Tuesday, May 10, 2016

How do you know you are saved?

If you've got it all figured out, and are settled on all the answers, you're doing it wrong.

If you're doubting and struggling and questioning and inquiring, you're on your way.

It's unfortunate but appears to be the case that what used to be called theological inquiry is now considered by many Christians to be doubt. I wish more people who actually wonder how Jesus could be both God and man or whether he was born of a virgin could trust that, rather than this being a hindrance to their Christian faith, it is part and parcel of it, placing them in the long line of Christian theologians throughout the millennia who have contemplated such things.

I am always amazed that the dominant form of Christianity in the United States seems driven by a double sense of over-confidence in being able to judge who is saved, and who isn't, coupled with an exceptionally anxious fear concerning life after death.

It seems to say, "Don't doubt, do not question, or you may not be saved. Just believe what we believe, and judge who we judge. Faith is not about freedom, but conformity..."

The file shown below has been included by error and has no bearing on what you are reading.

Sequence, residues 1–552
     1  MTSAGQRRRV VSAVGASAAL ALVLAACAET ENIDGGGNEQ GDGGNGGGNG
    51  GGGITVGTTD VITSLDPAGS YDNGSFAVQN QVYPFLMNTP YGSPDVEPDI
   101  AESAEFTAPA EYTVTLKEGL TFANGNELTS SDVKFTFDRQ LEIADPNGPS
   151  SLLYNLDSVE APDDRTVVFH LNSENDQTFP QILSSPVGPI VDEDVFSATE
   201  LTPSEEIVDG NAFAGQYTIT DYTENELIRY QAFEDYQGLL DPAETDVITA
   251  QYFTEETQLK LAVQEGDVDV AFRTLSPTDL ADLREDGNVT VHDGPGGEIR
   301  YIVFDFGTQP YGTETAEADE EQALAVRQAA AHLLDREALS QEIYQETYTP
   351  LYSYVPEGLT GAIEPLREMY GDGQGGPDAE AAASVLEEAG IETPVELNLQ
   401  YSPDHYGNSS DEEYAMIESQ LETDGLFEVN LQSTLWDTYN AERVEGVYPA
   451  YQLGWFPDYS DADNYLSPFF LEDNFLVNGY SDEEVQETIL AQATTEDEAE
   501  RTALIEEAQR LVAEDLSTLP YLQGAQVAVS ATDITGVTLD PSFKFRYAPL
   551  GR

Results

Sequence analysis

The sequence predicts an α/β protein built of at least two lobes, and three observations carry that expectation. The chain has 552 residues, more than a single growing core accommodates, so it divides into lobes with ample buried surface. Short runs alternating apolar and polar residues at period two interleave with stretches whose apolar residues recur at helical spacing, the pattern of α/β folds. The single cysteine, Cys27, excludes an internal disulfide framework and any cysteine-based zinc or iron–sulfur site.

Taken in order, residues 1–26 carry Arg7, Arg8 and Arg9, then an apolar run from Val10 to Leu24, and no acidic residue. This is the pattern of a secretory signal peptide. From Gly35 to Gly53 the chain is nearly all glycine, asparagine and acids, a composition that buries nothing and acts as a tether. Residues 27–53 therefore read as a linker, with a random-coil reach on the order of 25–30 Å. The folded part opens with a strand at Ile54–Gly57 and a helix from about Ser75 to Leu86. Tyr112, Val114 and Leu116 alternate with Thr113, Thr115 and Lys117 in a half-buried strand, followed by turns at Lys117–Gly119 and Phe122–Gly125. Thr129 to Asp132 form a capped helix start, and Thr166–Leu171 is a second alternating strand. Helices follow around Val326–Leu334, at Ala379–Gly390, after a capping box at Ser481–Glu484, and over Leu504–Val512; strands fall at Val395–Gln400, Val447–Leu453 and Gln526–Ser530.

As a non-conformist Lutheran, even I have to be careful that my pushback against this kind of rigid religiosity doesn't become its own kind of fear-mongering and inverted hubris.

The use of fear is, of course, an incredibly manipulative, effective and powerful tool for conformity. Make people doubt their own salvation, and you can get them to cave to many other things. They're even willing to doubt that it's okay to doubt.

One way Lutheran theology stands apart from this dominant strain is in its uncompromising commitment to the idea that faith is not our own, it is a gift, and what faith does is free us from concern for our own salvation that we might focus on our neighbor and their need instead (and so in this way is a doubled and extended gift).

For this reason, we understand the consolations of faith, the shape of faith, differently from some other traditions. For one, we understand the blessed exchange between Christ and humanity quite differently.

In the conformist tradition, God is by nature wrathful against sin and needs appeasing. We are the deserving recipients of such wrath, so God sends Jesus to cover us in his blood, and takes the brunt of God's wrath upon himself on the cross.

So there is a rupture in God--a wrathful God who needs to kill, and a gracious Jesus willing to suffer at the hands of his own Father that humanity might avoid such a fate.

This substitionary atonement model is appealing for some reason, even though it "breaks" Trinitarian theology in so many ways.